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Integr Psych Behav (2009) 43:121 DOI 10.

1007/s12124-009-9087-x EDITORIAL

Integrating Psychology within the Globalizing World: A Requiem to the Post-Modernist Experiment with Wissenschaft
Jaan Valsiner

Published online: 21 January 2009 # Springer Science + Business Media, LLC 2009

Abstract Since the new beginning in 2007 of Integrative Psychological & Behavioral Science we have brought out to the open both the reasons why the ever-widening research enterprise in psychology has largely failed to produce general knowledge, and to point to promising new directions in the field. The post-modernist turn in psychology is now over, and it is an interesting task to return to creating a universal science of psychology that is context-sensitive, and culture-inclusive. The latter goal entails a renewed focus upon qualitative analyses of time-based processes, close attention to the phenomena under study, and systematic (single-system-basedusually labeled idiographic) focus in empirical investigations. Through these three pathways centrality of human experiencing of culturally constructed worlds is restored as the core of psychological science. Universal principles are evident in each and every single case. Transcending post-modernist deconstruction of science happens through active international participation and a renewed focus on creating general theories. Contemporary psychology is global in ways that no longer can any countrys sociopolitical world view dominate the field. Such international equality of contributions grants innovation of the core of the discipline, and safeguards it against assuming any single cultural myth-story as the axiomatic basis for the discipline. Keywords Knowledge . Generalization . Experiencing . Culture . Methodology . Abductive synthesis . Boundary phenomena . Movement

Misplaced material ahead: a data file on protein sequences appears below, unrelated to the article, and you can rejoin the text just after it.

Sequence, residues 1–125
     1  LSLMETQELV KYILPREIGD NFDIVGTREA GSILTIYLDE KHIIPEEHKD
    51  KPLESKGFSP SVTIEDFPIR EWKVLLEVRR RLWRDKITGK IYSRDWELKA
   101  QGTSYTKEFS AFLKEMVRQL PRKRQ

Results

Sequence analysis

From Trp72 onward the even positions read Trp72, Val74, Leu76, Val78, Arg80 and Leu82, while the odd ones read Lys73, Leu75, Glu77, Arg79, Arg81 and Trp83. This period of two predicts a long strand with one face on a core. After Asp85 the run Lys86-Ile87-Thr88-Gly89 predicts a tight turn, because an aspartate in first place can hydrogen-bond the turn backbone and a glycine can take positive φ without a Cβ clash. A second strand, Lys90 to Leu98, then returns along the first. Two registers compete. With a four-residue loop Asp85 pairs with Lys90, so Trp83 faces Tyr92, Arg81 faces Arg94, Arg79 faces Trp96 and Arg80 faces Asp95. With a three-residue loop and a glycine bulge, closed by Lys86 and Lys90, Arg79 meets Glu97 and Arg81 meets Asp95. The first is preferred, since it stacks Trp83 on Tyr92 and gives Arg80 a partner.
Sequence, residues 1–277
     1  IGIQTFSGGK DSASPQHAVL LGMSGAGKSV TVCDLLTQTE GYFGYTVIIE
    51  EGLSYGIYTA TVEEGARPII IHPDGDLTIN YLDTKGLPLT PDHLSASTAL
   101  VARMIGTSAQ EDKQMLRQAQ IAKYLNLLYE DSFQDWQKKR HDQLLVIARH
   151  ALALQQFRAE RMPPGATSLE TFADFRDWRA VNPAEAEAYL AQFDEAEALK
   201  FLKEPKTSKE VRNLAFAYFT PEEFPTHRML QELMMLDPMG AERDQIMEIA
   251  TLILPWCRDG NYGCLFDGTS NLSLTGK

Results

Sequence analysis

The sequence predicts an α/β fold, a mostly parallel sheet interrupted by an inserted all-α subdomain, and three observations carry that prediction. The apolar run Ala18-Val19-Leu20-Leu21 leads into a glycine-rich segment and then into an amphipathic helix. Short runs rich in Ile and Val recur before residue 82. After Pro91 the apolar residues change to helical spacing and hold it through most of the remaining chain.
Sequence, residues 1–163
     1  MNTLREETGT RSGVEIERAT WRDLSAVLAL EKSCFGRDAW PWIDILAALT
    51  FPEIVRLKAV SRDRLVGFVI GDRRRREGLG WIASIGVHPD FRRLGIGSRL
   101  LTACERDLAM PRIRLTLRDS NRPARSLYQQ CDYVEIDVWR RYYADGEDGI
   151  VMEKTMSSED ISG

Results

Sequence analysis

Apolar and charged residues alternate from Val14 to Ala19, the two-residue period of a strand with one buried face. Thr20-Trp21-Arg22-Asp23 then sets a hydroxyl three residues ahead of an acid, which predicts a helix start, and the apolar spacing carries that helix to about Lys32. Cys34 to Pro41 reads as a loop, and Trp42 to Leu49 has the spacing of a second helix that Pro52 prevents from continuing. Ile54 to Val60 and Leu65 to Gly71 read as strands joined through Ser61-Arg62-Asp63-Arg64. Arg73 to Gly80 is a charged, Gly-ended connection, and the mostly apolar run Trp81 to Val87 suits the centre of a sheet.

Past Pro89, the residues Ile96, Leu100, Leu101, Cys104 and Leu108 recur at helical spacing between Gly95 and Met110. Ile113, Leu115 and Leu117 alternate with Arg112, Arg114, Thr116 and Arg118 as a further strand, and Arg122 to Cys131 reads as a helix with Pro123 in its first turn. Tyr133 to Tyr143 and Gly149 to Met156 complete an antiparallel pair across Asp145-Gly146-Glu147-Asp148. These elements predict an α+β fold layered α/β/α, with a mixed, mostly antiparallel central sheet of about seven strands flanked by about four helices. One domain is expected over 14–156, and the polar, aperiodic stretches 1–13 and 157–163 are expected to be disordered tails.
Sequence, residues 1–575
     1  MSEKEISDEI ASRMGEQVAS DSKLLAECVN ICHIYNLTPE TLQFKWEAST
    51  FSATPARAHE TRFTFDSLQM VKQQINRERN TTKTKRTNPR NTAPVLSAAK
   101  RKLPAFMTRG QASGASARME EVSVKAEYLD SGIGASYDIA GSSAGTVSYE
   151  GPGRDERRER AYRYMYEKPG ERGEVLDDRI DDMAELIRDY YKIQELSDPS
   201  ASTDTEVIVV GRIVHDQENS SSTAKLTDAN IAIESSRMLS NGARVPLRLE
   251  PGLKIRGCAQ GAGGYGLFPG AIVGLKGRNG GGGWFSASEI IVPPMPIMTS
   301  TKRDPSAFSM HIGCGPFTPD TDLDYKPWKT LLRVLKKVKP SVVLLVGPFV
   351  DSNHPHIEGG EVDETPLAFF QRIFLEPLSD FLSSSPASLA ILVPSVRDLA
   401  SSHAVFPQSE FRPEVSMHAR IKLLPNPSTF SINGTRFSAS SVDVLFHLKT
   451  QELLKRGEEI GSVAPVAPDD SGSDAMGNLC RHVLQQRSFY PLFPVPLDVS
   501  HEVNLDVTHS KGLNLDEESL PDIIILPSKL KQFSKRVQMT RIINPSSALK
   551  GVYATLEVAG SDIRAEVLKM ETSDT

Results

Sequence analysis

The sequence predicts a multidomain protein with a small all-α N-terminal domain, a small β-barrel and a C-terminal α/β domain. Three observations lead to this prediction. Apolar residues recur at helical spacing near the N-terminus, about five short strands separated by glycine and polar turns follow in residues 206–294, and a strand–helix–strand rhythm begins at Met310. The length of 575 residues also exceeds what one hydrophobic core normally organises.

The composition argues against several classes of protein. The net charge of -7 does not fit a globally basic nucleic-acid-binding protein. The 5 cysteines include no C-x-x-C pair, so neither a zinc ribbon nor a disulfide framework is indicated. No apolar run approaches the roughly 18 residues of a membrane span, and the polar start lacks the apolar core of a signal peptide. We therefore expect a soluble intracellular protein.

The irrelevance of much of present-day psychology to human lives comes from its emphasis on mechanical aspects of reactivity to the neglect of mans wider experiences, his aspirations, and his incessant endeavour to master and to mould his environment. Gordon Allport 1967, p. 23
J. Valsiner (*) Clark University, Worcester, MA, USA e-mail: integrativescience@gmail.com